The next tourism profit machine

The Yukon is a land of big opportunities and even bigger dreams. The flipside is a long list of creeks that didn't pan out, mines that never produced a pound of concentrate and promising businesses that went bankrupt.

The Yukon is a land of big opportunities and even bigger dreams. The flipside is a long list of creeks that didn’t pan out, mines that never produced a pound of concentrate and promising businesses that went bankrupt.

And while mining is famously cyclical, our other big business – tourism – isn’t for timid investors either. Statistics Canada says 30 per cent of small businesses don’t survive five years, and the figure for Yukon tourism businesses is likely higher. Perhaps much, much higher.

Fortunately, the pay-off can be big if you get it right. So let’s summon some pioneer spirit and look at one of our region’s most successful businesses, and see what lessons it holds for Yukon entrepreneurs.

I’ll describe the business, and let’s see how long it takes you to guess who it is. It has revenue of $36 million a year, and a very impressive 50 per cent gross profit margin. Yes, that’s $18 million in operating profit, before taxes and other corporate entanglements.

Its number of customers grew four per cent last year, and it is pretty confident of a similar rise this year. Last year it invested around $7 million to grow the business.

It has 20 full-time and 200 seasonal workers.

I’m talking about White Pass and its rail, tourism and port business, of course. The company is owned by ClubLink Enterprises, which runs 44 golf resorts mostly in Ontario, Quebec and Florida.

It may seem strange to have a golf course company own a tourist railway, but it makes more sense when you think about how the cash pouring out of White Pass helps ClubLink invest in its golf business. Its 2011 annual report highlights, in big letters, how the company simultaneously cut its debt-to-equity ratio and acquired five 18-hole championship golf courses last year.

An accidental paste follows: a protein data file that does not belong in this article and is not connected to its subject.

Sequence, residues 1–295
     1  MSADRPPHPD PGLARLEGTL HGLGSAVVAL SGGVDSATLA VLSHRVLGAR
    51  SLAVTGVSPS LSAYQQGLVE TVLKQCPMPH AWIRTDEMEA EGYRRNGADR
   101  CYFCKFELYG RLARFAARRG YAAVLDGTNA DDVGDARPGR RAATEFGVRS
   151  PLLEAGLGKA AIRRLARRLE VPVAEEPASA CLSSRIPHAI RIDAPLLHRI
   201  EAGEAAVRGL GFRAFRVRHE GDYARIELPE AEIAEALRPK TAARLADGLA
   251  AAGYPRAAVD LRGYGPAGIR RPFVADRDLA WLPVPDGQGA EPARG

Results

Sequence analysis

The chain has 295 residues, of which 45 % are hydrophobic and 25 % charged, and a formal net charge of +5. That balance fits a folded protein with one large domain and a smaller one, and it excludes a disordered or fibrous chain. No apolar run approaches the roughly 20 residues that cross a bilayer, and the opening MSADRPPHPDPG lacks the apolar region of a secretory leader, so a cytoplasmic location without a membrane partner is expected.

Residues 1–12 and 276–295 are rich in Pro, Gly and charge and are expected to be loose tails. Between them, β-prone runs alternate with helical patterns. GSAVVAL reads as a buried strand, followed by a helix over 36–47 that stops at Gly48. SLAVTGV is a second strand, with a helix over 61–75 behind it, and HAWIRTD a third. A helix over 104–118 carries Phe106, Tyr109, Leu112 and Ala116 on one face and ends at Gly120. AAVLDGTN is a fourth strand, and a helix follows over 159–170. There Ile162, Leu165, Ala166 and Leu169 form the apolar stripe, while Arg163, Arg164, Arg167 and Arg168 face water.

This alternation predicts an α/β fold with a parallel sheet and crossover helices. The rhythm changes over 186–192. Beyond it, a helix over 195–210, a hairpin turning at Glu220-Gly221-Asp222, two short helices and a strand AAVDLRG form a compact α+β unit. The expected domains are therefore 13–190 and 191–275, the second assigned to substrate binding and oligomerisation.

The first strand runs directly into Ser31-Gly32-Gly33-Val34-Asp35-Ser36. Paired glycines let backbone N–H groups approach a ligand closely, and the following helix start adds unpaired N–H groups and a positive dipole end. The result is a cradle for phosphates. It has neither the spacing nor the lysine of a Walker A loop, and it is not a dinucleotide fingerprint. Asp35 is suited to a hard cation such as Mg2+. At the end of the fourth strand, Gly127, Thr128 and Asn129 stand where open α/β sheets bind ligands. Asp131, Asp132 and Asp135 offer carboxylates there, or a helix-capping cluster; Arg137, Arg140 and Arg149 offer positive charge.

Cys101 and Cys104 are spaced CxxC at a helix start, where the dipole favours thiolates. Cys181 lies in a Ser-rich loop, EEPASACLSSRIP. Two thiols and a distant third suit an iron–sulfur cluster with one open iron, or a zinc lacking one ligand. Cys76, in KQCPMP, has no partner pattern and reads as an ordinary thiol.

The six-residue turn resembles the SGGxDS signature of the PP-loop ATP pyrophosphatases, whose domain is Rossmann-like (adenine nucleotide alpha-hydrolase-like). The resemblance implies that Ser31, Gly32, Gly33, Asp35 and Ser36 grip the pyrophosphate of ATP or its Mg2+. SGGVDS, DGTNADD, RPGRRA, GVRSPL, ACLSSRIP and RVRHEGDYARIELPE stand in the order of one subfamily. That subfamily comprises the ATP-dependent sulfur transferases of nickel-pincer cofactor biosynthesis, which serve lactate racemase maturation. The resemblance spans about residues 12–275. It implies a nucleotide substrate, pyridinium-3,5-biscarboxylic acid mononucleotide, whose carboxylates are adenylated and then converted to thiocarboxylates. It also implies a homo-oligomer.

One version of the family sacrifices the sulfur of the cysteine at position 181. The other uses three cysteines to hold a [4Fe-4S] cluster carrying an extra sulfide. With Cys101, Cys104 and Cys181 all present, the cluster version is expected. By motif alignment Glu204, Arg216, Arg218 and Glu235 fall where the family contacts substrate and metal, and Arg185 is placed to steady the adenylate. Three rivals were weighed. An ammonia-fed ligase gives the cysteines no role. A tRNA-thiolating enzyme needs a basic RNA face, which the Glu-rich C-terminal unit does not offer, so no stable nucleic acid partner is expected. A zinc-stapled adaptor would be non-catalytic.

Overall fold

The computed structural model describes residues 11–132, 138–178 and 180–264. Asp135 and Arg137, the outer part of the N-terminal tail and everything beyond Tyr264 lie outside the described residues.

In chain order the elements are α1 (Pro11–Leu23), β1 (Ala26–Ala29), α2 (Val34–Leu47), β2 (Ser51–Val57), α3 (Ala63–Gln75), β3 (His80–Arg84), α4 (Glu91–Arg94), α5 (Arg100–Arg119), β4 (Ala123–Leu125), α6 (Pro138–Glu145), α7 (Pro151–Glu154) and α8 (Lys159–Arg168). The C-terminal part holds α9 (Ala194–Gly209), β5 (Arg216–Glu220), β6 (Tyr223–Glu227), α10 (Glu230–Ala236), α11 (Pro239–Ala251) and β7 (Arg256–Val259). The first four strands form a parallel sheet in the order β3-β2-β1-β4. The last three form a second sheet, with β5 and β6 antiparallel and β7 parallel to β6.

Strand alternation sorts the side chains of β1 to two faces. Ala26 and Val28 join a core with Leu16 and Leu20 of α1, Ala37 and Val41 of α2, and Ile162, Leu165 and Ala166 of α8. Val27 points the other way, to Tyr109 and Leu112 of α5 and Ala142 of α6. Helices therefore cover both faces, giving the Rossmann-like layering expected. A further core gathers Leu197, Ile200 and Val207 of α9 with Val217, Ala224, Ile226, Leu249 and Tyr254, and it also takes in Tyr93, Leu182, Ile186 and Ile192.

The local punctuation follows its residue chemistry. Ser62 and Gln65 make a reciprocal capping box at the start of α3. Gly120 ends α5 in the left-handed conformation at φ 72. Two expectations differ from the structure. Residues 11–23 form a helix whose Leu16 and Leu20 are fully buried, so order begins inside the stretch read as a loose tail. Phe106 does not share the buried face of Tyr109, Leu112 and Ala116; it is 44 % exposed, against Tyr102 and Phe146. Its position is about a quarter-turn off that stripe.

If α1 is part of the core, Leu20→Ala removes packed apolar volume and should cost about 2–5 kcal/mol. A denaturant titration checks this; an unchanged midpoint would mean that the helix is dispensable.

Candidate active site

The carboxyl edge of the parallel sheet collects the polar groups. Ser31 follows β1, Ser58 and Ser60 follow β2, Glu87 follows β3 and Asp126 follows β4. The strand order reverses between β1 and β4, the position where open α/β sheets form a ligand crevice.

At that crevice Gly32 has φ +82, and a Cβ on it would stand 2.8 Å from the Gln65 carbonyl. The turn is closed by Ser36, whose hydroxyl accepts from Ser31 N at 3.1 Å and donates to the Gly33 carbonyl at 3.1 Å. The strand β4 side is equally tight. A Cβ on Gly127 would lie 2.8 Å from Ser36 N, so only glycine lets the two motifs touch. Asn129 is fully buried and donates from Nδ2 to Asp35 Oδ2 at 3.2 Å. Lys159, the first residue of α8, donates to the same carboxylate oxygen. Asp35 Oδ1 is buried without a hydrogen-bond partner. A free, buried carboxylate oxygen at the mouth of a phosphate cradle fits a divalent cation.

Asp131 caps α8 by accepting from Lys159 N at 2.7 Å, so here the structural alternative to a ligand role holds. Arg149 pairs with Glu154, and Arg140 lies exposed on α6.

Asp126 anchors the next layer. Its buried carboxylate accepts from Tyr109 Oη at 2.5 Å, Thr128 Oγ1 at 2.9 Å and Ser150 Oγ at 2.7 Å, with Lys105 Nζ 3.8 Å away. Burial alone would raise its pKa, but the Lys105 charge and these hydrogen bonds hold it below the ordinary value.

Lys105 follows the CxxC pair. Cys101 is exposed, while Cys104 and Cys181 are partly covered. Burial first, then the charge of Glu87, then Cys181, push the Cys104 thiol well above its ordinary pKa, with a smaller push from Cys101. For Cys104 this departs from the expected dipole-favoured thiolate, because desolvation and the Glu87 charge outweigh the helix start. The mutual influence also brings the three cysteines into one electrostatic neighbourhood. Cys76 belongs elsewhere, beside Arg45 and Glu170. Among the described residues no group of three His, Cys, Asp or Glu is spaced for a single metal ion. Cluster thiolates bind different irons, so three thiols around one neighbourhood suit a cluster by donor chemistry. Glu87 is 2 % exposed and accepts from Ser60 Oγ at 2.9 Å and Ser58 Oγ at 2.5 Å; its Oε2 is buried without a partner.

Despite the global economic turmoil, the business looks like it is on a positive trend. In 2012 it is expecting 355 cruise ship visits in Skagway this year, up 10 from last year. And apparently their “capture rate”- that is, the percentage of cruisers who choose a train outing – is going up too.

For such savvy businesspeople, one wonders why they haven’t put a premium steak house in the neglected but fantastically located Whitehorse train station yet.

Close Brothers, the London bankers who financed the railway during the gold rush, would probably be amazed that it was now catering to cruise ship excursions.

(Readers with a soft spot for London bankers may be wondering how things turned out for the Close Brothers. Don’t worry, even though Whitehorse baulked at its planned name “Closeleigh,” they made their money back by around 1913, according to a history of the bank. After that, in a parallel with today’s ClubLink golf courses, they were able to use the White Pass cash flow for other schemes such as floating diamond dredges in Africa and buying up English gas companies.)

So what enables White Pass to make so much money? It is entirely conceivable that we could be reading headlines like “Struggling northern railway cuts schedule” or “Government considering ‘investment’ in strategic tourism asset” and so on.

The first thing that stands out is the White Pass value proposition. I recently rode the train. The cheechakos were obviously having a really great time as the cars rattled along cliffs and around one scenic corner after another. Only the most surly of teenagers could describe a trip to the summit as “lame.”

White Pass is also unique. No one else is going to build another scenic tourist railway for 1,000 miles. Economists call this “barriers to entry.” This is very different from other tourism businesses. Somebody can easily open another bed-and-breakfast across the street from yours or horn in on your northern lights watching business with a similar looking website.

White Pass also invests in its business. The cars are clean and the trains generally on time. They have also built new passenger cars, improved the track and are putting new engines in their 1960s-era locomotives. You don’t get the impression that the owners think of the business as a seasonal sideline, or are skimping on service or safety.

Finally, we get to pricing. White Pass doesn’t leave much money on the table. The White Pass Summit Excursion, the three-hour tour that 60 per cent of customers choose, is $113. The pricing topic is tricky, since going too far leads to the notorious stories one hears about gouging tourists. On the other hand, some northern tourism operators don’t fully recognize how special their offerings are and under-estimate visitors’ willingness to pay a premium for something memorable.

The $18 million operating profit for White Pass last year is a combination of its strong value proposition, barriers to competitive entry, investment in quality and aggressive pricing. It also helps to be lucky, and to have benefited from the boom in Alaskan cruises over the last decade or two. And White Pass is highly dependent on the cruise lines. But overall, it looks like a great business for ClubLink.

The question is who will build the next northern tourism profit machine.

Keith Halliday is a Yukon economist and author of the Aurore of the Yukon series of historical children’s adventure novels.

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